Two years later, he became President of the Society for the Promotion of Roman Studies and, in 1964, he was elected President of the highly prestigious Society of Antiquaries of London. The apex of his recognition came with his knighthood in 1964, the year before his untimely death at the all-too-young age of 63, whilst at the height of his powers. His later years demonstrated to the full the range of his interests, as well as his continuing refusal to lighten his load of work; in the fifteen years before his death, we should place his three seasons of excavation at Lancaster, as well as his crucially-important study of Inchtuthil; with O.G.S. Crawford, in 1949, he contributed a masterly treatment of the Ravenna Cosmography for Archaeologia, published his still-important Roman and Native in North Britain (1958), Roman Britain (for the Penguin History of Britain series, 1963), up-dated Collingwood's The Archaeology of Roman Britain (1965), and, with the late Robert Ogilvie, produced a completely new Commentary on Tacitus' Life of Agricola (1967), which is still regarded as the standard treatment. As if all of that was not enough, he published papers on Queen

Cartimandua, Palmyra and Masada, and was planning a book on Roman Spain: we are left wondering what else he would have achieved had he been granted a 'normal' span of life.

Some of Richmond's work at Lancaster was concerned with the Wery Wall, which he recognised both as 'late Roman' and as indicating a strong maritime role for Lancaster in the fourth century: in both regards, he has been shown to have been right, and subsequent work has built on these observations (Richmond, 1953). His later excavation campaigns, however, are not easy to piece together (Jones and Shotter, 1988, 126-28). This work was principally concerned with the Northern Vicarage Field; during some of the time, at least, this area was given over to allotments, and Richmond's holes and trenches had to be restricted to paths between allotments and other 'non-sensitive' areas. Nonetheless, he recognised here the existence of a substantial courtyard-building, which he interpreted - wrongly, as it turned out - as the praetorium (residence of the commanding-officer) of the fort. We have, however, to remember that at the time of these excavations in 1958 and 1965, nothing was yet known of the complex defences of the fort, which were revealed over the next ten years or so at the southern end of the Northern Vicarage Field and in the grounds of the Old Vicarage; the discovery in these areas of defensive ditches and ramparts showed that Richmond's courtyard-building lay outside the area of the fort itself. Nor did Richmond know just how extensive and imposing his courtyard-building really was, since this fully emerged only with the uncovering in 1973-75 by Geoffrey Leather and the Lancaster Archaeological Society of the bath-house at the eastern edge of the field. Had Richmond been in possession of this information, it is certain that, with his great knowledge of Roman military and civilian buildings and his sure interpretative touch, he would have identified its purpose.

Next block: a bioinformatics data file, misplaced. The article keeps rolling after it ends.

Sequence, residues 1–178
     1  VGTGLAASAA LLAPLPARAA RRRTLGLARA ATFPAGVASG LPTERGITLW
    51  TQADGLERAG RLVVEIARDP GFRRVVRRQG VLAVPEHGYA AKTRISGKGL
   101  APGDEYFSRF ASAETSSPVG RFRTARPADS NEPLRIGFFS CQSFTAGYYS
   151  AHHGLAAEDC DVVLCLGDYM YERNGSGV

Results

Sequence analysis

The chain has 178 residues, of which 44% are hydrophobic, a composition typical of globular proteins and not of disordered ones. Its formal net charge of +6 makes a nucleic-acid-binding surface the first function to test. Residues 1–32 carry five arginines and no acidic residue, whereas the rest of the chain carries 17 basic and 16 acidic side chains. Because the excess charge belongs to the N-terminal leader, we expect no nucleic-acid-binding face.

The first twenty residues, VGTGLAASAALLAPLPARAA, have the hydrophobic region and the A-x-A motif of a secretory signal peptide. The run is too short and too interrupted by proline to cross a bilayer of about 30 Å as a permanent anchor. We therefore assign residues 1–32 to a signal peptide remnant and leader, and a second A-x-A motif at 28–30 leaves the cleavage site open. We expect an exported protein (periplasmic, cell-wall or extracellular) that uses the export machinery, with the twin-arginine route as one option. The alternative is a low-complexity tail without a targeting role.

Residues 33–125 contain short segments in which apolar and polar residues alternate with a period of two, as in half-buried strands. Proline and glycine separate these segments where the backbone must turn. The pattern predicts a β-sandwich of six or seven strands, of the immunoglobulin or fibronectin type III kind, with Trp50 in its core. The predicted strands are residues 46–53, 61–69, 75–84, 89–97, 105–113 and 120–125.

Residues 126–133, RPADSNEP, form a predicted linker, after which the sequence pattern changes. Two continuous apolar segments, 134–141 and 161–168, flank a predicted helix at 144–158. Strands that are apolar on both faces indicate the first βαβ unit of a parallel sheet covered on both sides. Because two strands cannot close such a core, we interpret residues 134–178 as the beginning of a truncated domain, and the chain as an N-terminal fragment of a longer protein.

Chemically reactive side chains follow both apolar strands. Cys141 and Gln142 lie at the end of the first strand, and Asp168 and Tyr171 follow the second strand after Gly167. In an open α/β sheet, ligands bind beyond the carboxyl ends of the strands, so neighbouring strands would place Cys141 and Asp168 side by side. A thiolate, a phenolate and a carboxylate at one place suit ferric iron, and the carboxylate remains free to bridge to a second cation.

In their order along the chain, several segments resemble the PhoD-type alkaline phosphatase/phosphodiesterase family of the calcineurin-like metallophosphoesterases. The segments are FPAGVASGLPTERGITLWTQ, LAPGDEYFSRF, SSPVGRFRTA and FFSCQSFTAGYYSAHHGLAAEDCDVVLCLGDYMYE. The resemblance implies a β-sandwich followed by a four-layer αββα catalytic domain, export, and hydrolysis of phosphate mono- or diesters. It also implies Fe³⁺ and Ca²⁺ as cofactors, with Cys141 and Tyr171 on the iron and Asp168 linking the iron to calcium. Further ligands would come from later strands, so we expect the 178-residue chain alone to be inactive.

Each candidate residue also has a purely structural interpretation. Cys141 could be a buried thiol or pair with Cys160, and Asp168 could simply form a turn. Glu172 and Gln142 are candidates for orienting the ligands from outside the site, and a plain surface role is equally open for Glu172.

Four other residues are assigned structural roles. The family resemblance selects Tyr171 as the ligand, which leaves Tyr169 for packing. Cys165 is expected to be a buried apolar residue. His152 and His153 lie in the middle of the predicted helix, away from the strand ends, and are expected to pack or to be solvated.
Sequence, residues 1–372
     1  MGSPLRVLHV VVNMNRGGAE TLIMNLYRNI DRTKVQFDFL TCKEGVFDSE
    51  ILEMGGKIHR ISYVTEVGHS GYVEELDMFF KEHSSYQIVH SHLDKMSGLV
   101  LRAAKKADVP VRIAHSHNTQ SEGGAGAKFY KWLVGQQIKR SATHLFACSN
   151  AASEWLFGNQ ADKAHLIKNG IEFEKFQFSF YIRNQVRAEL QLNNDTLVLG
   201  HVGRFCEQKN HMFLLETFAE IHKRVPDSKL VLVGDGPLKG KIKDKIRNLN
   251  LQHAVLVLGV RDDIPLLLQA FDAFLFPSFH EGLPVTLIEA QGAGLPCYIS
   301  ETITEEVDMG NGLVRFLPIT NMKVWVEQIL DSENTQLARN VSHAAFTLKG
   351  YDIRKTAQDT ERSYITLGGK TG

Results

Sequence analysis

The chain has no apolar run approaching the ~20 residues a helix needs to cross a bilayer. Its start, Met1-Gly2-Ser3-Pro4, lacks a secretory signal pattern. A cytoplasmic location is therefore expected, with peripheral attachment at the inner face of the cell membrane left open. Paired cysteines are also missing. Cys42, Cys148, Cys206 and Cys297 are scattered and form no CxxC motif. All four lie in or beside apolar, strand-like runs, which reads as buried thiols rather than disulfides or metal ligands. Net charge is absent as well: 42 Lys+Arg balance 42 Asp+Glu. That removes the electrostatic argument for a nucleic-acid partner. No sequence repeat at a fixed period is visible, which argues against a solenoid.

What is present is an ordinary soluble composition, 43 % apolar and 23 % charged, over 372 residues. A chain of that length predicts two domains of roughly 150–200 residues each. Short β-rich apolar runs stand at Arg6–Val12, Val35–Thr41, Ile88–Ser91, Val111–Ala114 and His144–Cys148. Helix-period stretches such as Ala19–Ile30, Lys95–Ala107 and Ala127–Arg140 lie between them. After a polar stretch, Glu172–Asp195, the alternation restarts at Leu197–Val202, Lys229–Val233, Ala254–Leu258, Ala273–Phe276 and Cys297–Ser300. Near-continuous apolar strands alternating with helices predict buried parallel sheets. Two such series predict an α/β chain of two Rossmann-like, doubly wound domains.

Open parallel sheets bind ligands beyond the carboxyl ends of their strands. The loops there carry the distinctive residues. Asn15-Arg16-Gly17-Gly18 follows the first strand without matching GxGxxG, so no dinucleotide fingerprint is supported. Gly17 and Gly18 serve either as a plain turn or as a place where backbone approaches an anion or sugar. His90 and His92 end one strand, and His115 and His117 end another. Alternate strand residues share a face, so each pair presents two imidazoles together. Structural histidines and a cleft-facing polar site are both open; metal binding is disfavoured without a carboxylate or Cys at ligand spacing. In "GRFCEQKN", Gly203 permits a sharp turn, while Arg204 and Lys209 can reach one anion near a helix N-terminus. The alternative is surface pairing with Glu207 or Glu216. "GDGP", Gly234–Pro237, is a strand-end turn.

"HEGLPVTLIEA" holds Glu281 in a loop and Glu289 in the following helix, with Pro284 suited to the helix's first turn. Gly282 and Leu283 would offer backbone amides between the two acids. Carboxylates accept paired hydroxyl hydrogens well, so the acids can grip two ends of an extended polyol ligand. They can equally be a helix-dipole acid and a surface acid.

The other 'error' in his interpretation of Lancaster concerned the plan of the fort on Castle Hill, which he suggested took the form of an irregular polygon - a reasonable enough hypothesis in the case of a fort built on a hill-top. Again, he had little or no knowledge of the position or configuration of the fort's defences; using his experience, he made his interpretation on the analogy of Bewcastle, another fort on a hill-top, where Richmond had himself excavated in 1937.

It is said that Richmond never failed to respond when asked for his help and advice, and that he was always supportive of those in archaeology who were junior in status to himself; he would undoubtedly have continued to take an interest in a site in which he had himself been concerned and would have published the results of his 1958 and 1965 work; it would be nice to think that we could have asked his advice in the years that followed as more evidence for Roman Lancaster became available. It is also likely that, given his interest in classical geographers, he would have had a sharper instinct to reveal the solution to that long-troublesome conundrum, the Roman name for Lancaster.


Jones and Shotter,1988: Jones G.D.B. and Shotter D.C.A., Roman Lancaster, Manchester Richmond,1953: Richmond I.A., Excavations on the Site of the Roman Fort at Lancaster,1950, Trans. Hist. Soc. of Lancs and Cheshire, 105, 1-23 Shotter and White,1990: Shotter D.C.A. and White A.J., The Roman Fort and Town of Lancaster, Lancaster Shotter,2001: Shotter D.C.A., Roman Lancaster: Site and Settlement, pp.3-31 in White A.J.(Ed), A History of Lancaster, Edinburgh

The next paper in this series will be devoted to three of Lancaster's excavators of the early years of the twentieth century - Alice Johnson, J.P.Droop and Robert Newstead.